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When it comes to employee working conditions, extra precautions must be taken to ensure the safety of those spending time in confined spaces — as is the case with other potentially dangerous situations.
Whether one is the owner of a construction or cleaning company, his or her employees will most likely find themselves often working in spaces defined by the Occupational Health and Safety Administration as “confined,” some of which are “permit-required.” Examples of confined spaces include silos, storage bins and vaults, while those like storage tanks, sewer entryways and even meat rendering plants are typically classified as confined permit-required spaces, among others.
Regardless of whether a permit is required to work in confined spaces, employers also need to provide employees with the tools necessary to keep themselves safe, such as proper training and equipment. After all, employees do have a legal right to working conditions that do not pose a “risk of serious harm,” per OSHA; workers should also stay abreast of other rights guaranteed under law.
Here are several steps and some associated tips employers can follow to guarantee that any jobs involving workers in confined spaces are carried out safely, efficiently and in accordance with U.S. laws and regulations:
If a work space meets the definition of a confined space (a small area not designed for people, especially with regards to continuous occupancy and having restricted means for entry or exit), an employer needs to then figure out if it requires any permits, including one for entry.
According to OSHA, a permit-required space is defined by at least one of the following characteristics:
According to the Canadian Centre for Occupational Health and Safety, potential dangers associated with confined spaces that workers should be prepared to safely deal with include: poor air quality due to the presence of asphyxiants displacing oxygen, fire or explosion hazard, physical hazards like live wiring or moving machinery, material shifting or collapse and bio hazards.
In order to find out if a confined space is permit-required for employees to enter, one must first find the proper equipment and tools necessary to monitor and keep the area safe. Obvious examples include collapse prevention materials for workers digging a deep open trench, or respirators, protective gear and mechanical ventilators for workers who clean out chemical vats.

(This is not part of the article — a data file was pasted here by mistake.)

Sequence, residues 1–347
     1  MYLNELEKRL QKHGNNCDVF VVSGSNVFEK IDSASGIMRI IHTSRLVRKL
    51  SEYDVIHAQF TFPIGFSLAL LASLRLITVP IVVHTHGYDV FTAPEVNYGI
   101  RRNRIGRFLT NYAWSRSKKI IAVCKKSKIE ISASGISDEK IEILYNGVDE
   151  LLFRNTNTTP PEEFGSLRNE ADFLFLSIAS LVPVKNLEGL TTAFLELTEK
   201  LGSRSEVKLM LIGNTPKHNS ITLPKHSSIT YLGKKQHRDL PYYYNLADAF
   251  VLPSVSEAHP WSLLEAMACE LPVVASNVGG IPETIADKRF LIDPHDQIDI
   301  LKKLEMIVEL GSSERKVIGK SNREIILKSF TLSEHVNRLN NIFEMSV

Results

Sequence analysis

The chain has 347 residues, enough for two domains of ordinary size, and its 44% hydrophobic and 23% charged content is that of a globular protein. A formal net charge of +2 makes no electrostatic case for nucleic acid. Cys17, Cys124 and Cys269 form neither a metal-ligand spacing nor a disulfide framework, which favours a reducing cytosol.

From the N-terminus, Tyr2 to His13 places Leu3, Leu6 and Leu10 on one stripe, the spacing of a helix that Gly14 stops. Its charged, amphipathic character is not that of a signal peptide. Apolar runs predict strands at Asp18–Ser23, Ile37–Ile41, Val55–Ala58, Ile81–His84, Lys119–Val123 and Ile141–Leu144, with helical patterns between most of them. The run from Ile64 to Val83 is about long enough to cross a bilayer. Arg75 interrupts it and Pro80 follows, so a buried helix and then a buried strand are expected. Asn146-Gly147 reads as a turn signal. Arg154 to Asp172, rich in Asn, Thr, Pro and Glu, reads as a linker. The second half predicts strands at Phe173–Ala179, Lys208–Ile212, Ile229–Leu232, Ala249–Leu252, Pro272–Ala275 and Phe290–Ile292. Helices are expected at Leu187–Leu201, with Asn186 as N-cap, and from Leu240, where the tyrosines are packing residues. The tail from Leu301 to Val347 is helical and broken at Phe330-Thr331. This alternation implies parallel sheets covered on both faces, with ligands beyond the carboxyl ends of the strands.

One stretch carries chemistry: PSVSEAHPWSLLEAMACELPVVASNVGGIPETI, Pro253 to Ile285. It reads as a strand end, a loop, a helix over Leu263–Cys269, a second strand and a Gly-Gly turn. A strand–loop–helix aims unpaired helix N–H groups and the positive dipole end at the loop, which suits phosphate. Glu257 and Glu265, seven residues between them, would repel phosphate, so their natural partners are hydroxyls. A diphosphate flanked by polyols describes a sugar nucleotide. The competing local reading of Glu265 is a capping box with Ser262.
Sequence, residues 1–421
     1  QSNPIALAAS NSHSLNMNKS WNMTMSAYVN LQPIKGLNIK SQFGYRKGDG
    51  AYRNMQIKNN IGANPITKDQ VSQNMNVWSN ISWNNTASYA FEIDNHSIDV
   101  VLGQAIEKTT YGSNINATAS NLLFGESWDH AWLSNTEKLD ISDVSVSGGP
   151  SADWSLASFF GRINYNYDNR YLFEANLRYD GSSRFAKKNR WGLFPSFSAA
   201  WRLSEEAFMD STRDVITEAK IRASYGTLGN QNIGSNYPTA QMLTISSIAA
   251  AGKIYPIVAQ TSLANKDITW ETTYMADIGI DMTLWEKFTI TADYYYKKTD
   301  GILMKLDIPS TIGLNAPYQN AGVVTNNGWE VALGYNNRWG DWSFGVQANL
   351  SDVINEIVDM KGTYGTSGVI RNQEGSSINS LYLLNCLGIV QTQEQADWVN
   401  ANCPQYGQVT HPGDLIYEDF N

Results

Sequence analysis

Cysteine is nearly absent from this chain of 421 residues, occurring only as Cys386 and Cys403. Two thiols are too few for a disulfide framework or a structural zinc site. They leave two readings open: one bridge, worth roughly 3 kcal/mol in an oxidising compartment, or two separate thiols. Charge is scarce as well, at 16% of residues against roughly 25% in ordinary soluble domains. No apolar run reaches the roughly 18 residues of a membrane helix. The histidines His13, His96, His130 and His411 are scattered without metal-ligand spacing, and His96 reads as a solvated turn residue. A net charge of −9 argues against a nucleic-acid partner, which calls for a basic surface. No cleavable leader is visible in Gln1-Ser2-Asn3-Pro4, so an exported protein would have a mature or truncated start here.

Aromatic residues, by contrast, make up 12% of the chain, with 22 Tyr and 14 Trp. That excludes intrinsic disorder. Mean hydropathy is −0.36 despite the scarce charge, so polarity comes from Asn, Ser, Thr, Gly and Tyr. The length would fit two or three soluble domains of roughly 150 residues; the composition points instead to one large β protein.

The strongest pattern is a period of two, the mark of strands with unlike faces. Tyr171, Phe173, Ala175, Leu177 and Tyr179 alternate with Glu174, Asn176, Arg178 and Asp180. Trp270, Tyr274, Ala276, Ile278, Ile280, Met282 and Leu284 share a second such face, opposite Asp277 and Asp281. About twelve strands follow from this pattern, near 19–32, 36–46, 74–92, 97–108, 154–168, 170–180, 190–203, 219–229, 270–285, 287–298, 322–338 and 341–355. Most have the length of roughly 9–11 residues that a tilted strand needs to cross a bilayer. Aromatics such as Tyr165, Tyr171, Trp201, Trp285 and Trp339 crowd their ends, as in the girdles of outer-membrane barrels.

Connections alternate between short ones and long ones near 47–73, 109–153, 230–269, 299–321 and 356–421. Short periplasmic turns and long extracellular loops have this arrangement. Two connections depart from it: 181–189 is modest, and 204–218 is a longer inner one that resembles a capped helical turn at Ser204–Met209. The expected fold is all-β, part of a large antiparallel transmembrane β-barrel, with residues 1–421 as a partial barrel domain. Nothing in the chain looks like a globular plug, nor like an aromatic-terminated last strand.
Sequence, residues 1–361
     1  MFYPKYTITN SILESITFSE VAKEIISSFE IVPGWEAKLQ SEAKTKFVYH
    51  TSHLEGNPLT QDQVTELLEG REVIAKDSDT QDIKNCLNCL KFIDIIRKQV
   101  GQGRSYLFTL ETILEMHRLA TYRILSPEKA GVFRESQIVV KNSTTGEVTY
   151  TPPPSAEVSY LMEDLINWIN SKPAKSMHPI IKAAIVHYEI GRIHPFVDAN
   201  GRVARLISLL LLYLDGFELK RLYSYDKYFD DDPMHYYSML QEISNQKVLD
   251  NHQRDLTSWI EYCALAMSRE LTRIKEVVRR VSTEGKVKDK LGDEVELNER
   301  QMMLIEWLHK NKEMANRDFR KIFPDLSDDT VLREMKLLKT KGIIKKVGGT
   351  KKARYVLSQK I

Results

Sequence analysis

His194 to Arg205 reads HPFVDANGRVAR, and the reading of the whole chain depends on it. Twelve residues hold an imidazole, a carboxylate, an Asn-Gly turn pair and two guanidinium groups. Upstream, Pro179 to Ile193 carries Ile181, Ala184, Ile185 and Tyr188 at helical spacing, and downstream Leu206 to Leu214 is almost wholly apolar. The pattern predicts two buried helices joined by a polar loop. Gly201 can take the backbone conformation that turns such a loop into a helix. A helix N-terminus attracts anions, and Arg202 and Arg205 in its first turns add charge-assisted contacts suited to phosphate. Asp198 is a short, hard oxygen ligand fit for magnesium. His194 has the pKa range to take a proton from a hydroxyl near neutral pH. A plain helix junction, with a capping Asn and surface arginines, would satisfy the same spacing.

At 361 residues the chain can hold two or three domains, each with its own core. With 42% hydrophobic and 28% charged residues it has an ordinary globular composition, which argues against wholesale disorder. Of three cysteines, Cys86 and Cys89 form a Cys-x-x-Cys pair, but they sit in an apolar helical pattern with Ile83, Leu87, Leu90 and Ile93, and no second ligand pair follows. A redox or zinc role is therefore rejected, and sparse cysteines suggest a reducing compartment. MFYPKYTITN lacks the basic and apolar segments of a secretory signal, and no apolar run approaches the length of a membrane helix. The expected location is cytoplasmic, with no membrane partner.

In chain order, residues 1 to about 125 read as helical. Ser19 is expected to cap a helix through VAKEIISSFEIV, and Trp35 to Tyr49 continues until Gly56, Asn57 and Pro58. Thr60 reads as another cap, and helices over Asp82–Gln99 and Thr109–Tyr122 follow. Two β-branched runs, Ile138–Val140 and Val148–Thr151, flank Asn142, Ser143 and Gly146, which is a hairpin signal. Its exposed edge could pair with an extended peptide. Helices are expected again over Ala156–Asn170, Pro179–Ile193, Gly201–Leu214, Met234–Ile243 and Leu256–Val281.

Providing workers with the correct safety equipment is easy enough, but only after potential risks
have first been identified: this often requires the use of further testing and monitoring tools. Atmospheric and gas testing for any asphyxiants, chemicals or surplus or depleted oxygen levels
can help an employer quickly determine if a work site requires a permit.
In one example on its website, OSHA lists detector tubs, alarm only gas monitors and explosion meters as acceptable forms of permit-required atmospheric monitoring equipment. Another comprehensive testing tool includes a multi gas monitor (for example, four-gas), which can detect oxygen, carbon monoxide, hydrogen sulfide and any flammable gases.
Workers must also be provided with the tools necessary to carry out any safety-related procedures — whether precautionary or in the event of an emergency that requires evacuation. These could range from a wrench to close off valves, to a machine that carries out forced air ventilation.
Regardless of what duties have been delegated to employees working either alone or in teams in a confined space, all personnel should undergo training to become familiarized with any safety, evacuation, escape or rescue plans. The details of any certifications required to work in a confined space should also be reviewed, including any specified entry procedures that must be followed.
Worker training should also be implemented for those who will be responsible for overseeing any engineering, administrative controls, or importantly, the upkeep and repair of personal protective equipment like hard hats, respirators masks or flame-retardant clothing. For example, atmospheric safety testing for harmful gases and other contaminants must be carried out by a lead worker who has completed detector training for any one type of monitor in use.
Even though all pipes and lines that lead to a confined space that carry a substance that could potentially engulf workers must be disconnected by law, training related to any further shutoff measures are also recommended. Sources of electrical current must also be isolated and locked out prior to other workers’ entry.
Employers looking to assess the status of any confined spaces in which their employees are set to work can look no further than ProcessMAP’s comprehensive and configurable confined space assessment service, which offers a mobile application for online and offline usage.